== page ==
McConnell also met with Boehner during the afternoon.
Officials said Reid and McConnell were discussing legislation to raise the government's $16.7 trillion debt limit until spring, staving off the possible default. It was not clear if that would permit Treasury Secretary Jacob Lew to employ a series of steps that could add additional months to the extension, as administrations in both parties have done in recent years.
In addition to approving legislation to fund the government until late this year, Reid and McConnell considered appointment of House and Senate negotiators to seek a deficit-reduction agreement that could ease or eliminate a new round of automatic federal spending cuts scheduled to begin in January. While the current round of these cuts fell on both domestic programs and the military, the upcoming reductions would hit primarily the Pentagon.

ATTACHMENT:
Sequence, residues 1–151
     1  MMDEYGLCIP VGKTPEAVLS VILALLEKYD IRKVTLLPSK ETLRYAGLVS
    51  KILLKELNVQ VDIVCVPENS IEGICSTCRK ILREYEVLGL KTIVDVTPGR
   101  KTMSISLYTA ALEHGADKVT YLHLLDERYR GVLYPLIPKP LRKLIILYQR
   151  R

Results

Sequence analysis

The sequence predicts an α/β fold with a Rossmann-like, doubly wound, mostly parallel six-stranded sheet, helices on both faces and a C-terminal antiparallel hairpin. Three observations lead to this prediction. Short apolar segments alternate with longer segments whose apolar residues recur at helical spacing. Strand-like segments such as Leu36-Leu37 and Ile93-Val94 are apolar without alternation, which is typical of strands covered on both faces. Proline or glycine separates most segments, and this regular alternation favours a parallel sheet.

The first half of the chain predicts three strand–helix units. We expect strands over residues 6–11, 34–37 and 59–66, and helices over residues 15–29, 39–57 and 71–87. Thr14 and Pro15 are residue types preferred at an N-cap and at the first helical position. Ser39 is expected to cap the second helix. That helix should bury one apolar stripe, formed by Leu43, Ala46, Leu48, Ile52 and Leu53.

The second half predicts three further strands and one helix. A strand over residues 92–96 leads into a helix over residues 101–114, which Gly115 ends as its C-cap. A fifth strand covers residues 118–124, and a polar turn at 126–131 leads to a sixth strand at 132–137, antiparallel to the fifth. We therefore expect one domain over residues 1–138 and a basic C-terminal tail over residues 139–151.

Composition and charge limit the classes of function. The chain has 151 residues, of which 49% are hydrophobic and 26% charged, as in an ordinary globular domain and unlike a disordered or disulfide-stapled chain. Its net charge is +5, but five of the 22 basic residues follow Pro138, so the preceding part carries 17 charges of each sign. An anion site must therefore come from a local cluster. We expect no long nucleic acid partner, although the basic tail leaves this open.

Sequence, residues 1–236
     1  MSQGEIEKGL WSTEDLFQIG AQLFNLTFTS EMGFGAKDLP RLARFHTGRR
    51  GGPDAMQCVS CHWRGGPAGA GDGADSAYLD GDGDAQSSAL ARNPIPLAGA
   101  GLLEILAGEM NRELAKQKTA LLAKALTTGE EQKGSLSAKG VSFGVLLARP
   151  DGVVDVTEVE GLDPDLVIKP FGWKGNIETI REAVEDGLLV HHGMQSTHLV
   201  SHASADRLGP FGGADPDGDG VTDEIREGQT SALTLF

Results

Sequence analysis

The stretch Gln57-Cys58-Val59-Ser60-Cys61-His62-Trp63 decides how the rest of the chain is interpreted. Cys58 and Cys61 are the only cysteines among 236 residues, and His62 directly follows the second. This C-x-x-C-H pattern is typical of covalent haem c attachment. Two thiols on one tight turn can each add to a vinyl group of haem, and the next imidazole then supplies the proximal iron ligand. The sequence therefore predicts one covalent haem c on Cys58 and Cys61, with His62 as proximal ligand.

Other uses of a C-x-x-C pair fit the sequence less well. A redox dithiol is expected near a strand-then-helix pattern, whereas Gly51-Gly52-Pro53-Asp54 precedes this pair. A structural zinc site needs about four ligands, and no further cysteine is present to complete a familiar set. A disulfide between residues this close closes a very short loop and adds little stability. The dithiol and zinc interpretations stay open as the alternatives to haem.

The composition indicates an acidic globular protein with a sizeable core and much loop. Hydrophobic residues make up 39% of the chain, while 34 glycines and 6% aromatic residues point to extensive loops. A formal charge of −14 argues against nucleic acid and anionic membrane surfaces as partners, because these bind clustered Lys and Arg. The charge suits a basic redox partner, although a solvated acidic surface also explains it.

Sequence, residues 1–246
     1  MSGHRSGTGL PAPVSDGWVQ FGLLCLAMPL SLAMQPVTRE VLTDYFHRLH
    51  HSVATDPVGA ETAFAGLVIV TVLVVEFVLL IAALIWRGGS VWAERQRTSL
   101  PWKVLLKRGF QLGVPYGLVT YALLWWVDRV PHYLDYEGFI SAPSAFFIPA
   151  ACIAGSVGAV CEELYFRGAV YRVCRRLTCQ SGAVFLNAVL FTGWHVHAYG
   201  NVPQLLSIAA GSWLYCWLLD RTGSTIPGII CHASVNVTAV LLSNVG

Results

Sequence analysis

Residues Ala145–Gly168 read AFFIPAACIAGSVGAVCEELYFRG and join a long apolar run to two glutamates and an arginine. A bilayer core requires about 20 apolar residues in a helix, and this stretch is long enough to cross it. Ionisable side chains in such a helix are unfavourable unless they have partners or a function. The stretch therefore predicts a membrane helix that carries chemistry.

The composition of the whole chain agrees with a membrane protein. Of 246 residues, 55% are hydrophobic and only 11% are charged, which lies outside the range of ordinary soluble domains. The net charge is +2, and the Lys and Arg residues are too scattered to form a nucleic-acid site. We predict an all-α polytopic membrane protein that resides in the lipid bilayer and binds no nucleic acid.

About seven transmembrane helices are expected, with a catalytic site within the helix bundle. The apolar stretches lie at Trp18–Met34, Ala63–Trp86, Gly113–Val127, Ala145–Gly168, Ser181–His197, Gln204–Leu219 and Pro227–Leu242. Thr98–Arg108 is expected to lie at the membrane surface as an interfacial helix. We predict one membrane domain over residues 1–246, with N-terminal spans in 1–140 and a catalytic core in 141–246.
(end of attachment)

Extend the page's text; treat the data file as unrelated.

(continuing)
Also under discussion, officials said, was a possible tightening in income verification requirements for individuals who qualify for subsidies under the health care law known as Obamacare.
Separately, Democrats were resisting a Republican-backed proposal to suspend a medical device tax that was enacted as part of the health care law. The tax is widely unpopular among lawmakers in both parties, and the outcome of that disagreement remained unclear.
The officials spoke on condition of anonymity, saying they were not authorized to comment on the private discussions.
Treasury Secretary Jack Lew has told Congress the deadline for raising the debt limit is Oct. 17.